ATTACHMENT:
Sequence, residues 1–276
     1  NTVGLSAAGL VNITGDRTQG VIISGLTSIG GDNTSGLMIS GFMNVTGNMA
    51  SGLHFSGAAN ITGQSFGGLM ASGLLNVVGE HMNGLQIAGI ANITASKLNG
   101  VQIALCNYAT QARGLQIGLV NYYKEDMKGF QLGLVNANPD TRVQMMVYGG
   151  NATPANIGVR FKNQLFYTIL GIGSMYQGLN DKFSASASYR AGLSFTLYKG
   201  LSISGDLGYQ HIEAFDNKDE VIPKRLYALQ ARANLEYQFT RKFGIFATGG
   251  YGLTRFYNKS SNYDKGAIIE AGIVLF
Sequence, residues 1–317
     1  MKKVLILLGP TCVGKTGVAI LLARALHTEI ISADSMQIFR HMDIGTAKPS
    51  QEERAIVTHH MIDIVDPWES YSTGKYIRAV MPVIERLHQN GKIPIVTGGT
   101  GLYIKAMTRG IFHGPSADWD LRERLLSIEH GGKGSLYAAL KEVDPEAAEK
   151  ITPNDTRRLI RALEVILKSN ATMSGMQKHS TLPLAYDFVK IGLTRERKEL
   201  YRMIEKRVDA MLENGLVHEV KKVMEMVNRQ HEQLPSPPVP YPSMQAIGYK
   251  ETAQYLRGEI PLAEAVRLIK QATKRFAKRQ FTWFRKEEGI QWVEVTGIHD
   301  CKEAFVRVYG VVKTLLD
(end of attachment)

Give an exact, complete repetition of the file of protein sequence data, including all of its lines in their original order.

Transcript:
Sequence, residues 1–276
     1  NTVGLSAAGL VNITGDRTQG VIISGLTSIG GDNTSGLMIS GFMNVTGNMA
    51  SGLHFSGAAN ITGQSFGGLM ASGLLNVVGE HMNGLQIAGI ANITASKLNG
   101  VQIALCNYAT QARGLQIGLV NYYKEDMKGF QLGLVNANPD TRVQMMVYGG
   151  NATPANIGVR FKNQLFYTIL GIGSMYQGLN DKFSASASYR AGLSFTLYKG
   201  LSISGDLGYQ HIEAFDNKDE VIPKRLYALQ ARANLEYQFT RKFGIFATGG
   251  YGLTRFYNKS SNYDKGAIIE AGIVLF
Sequence, residues 1–317
     1  MKKVLILLGP TCVGKTGVAI LLARALHTEI ISADSMQIFR HMDIGTAKPS
    51  QEERAIVTHH MIDIVDPWES YSTGKYIRAV MPVIERLHQN GKIPIVTGGT
   101  GLYIKAMTRG IFHGPSADWD LRERLLSIEH GGKGSLYAAL KEVDPEAAEK
   151  ITPNDTRRLI RALEVILKSN ATMSGMQKHS TLPLAYDFVK IGLTRERKEL
   201  YRMIEKRVDA MLENGLVHEV KKVMEMVNRQ HEQLPSPPVP YPSMQAIGYK
   251  ETAQYLRGEI PLAEAVRLIK QATKRFAKRQ FTWFRKEEGI QWVEVTGIHD
   301  CKEAFVRVYG VVKTLLD